FF Now

August 18, 2016
Other Titles

FF

Issues: 16
Year: 2013-2014
Writer: Matt Fraction (Issues 1-11), Lee Allred (Issues 12-16)
Art: Michael Allred
Rating: *****

 

There’s simply no way that FF should be as good as it is. Written by Matt Fraction to run alongside his take on the main Fantastic Four title, it’s a 16-issue storyline that constantly looks back to the past and is crammed with continuity. Featuring a temporary FF team (who are holding fort while the real FF are exploring space) the new FF are made up of three ex-replacement members (Medusa, She-Hulk and Ant-Man) and Johnny’s girlfriend, who wears the old Thing exo-skeleton from the 70s. There’s even a bit of the traditional darkness of modern titles, as Ant-Man is compelled to track down Doctor Doom after he murdered his daughter.

And yet… it’s all so good. A lot of it is down to the art by Michael Allred, which captures the real joie de vivre of yesteryear, proving that comics can be fun without having to be goofy or silly. Credit must also be given to his wife, Laura Allred, working on the colours, which are vibrant, and suit the deliberately light retro vibe. (For completeness’ sake, then Joe Quinones was the artist for Issues #6 and #9, and does a decent enough job of aping Allred’s general style so as not to make it too jarring).

One of the biggest moments of the comic – certainly the most notable – is Marvel presenting its first transgender character. DC had beaten them to it by a couple of weeks, having Batgirl’s best friend Alysia come out as trans, but generally transgender characters had been left to indie and underground comics, not the mainstream superhero fare. In Issue #6 Tong – one of the four young Moloids the FF has adopted for their Future Foundation – declares to the rest of the Moloids that she identifies as female, and is accepted with love. Although it’s not quite the same as a human character making the same declaration (I’m not sure anyone actually gave the gender of the Moloids a second thought before the issue came out) it’s a nice touch.

It’s a sad indictment of the core title that FF was able to comment more on society, from the need for PR down to phone hacking and the moral right of trying to overthrow dictators in foreign lands. Fraction’s run on the main comic was readable if unremarkable, making it doubly extraordinary that the sister title is so outstanding.

Another way in which the book shouldn’t work, but does, is the amount of post-modern dialogue. Normally a ubiquitous bane of modern comics, having Marvel representatives meet the group to discuss them making a comic book about them, or references to the old Thing cartoon (See the “Media” section, “Fred and Barney Meet The Thing” for further details) would be too smug in a lesser comic, and sink it. Here it regularly sparkles and adds an extra layer to events.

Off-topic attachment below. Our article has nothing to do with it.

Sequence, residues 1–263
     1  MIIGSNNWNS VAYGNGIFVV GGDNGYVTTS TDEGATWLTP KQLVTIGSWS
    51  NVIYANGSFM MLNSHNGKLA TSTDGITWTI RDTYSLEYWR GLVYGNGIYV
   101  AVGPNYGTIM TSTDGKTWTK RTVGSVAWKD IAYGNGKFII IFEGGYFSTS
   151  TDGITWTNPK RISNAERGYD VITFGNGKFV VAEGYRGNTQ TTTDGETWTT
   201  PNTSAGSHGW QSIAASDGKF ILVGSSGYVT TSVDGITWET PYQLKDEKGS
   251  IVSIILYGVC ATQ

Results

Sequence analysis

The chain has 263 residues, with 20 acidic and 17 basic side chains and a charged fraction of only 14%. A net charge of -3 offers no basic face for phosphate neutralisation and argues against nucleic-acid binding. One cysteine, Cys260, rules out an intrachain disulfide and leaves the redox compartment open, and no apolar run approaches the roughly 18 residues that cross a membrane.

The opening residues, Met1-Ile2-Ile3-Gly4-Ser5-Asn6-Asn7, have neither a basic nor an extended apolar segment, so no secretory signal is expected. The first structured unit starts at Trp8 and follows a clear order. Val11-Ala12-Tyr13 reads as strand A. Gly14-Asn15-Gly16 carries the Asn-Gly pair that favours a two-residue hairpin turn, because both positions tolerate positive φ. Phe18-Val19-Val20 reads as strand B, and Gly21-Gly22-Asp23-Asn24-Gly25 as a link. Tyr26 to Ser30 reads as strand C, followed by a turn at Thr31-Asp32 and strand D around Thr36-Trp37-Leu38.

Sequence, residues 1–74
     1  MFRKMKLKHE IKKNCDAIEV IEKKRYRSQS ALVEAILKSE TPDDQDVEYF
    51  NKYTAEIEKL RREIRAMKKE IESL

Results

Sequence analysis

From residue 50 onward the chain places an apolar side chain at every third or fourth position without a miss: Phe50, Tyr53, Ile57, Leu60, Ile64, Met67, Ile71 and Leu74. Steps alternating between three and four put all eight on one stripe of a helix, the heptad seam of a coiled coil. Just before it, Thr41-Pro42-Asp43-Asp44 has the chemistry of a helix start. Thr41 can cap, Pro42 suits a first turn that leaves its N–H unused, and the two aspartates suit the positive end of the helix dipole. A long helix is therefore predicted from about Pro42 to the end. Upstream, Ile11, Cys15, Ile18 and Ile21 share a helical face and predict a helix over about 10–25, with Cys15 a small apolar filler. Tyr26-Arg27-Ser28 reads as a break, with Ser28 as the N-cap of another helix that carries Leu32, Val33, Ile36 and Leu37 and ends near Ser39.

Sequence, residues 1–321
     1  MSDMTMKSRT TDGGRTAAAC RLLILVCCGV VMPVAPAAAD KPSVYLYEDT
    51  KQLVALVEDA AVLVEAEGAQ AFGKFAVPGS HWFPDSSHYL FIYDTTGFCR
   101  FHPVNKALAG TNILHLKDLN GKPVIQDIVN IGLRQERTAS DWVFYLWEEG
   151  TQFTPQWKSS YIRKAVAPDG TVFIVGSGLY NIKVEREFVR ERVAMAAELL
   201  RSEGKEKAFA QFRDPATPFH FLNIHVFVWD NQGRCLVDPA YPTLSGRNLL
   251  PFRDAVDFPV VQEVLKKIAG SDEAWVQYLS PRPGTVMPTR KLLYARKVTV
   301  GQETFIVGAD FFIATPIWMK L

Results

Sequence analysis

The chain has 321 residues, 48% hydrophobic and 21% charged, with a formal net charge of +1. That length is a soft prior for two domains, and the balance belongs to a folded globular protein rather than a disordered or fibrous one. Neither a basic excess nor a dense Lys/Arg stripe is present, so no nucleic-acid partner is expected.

Although the title generally brings back an “all ages” mindset to comics – often mistaken these days for “aimed at children”, which illustrates how far removed the form is from its origins – it is frequently sexualised. Darla spends most of Issue #3 attempting to keep her mobile chest covered by a towel, while #14 has the three female members of the group taking a topless hot pool dip together.

Yet for all its well-meaning and positive approaches to modern life, there are times when it falls down. Twice the term "special needs" is used, as well as Ben calling the She-Hulk a "pansy", and, unfortunately, the notion of cloning Dragon Man being like slavery is a connection that the one black character happens to make. But, away from such troubling own goals, it's a story that succeeds because of the natural tensions between the regulars. This isn't a group that tell the kids they love them, they're uneasy around them, and Ant-Man isn't sure of anyone. Darla Deering, the real hit of the book, is full of insecurities, and She-Hulk and Medusa even come to blows. In a way, it's an easier story for Matt Fraction to tell, as the original FF have been through so much together that any adventure/conflict can only feel stale and contrived by default. But new characters coming together and not getting along is a fresh new tale that will, unfortunately, naturally seem more vibrant than the dynamics of a group that have been together for over 50 years.

After the first 11 issues Matt Fraction left both the FF and the core Fantastic Four title, having too much of a workload elsewhere, including a new Inhumans title. The remaining issues by Michael Allred's brother Lee are fine, and manage to carry over most of the momentum of the title, working from a co-plotted story by Lee Allred and Fraction. (And, for Issue #12 only, Michael Allred also had a co-plot credit). Perhaps the only serious criticism of FF is that its plotlines run parallel to that of The Fantastic Four, and give no explanation of certain events, such as the nature of the future/alternate Johnny Storm. As a result, it can't entirely be enjoyed as a comic book in its own right, but this is a small distraction, and doesn't detract at all if you've also read the main Fantastic Four title.

In terms of trivia, then the subject of Franklin’s age again gets complicated when it’s explicitly stated by Alex Power that he’s now 19 (and Darla thinks he’s 18). A 1985 issue of Power Pack stated that he was 12, meaning he’s aged 6-7 years in the interim… a lot more than Franklin.

The title was not, sadly, a commercial success. Although estimated sales figures show that over 80,000 copies were shipped out for the first issue (ranking the 14th best-selling comic of the month), the figures and sales rank plummeted hugely, with an average sales position of 77 and less than 33,200 copies per month. By the time the book closed, it had dropped below 22,000 in sales and no longer troubled the top 100.

Related Posts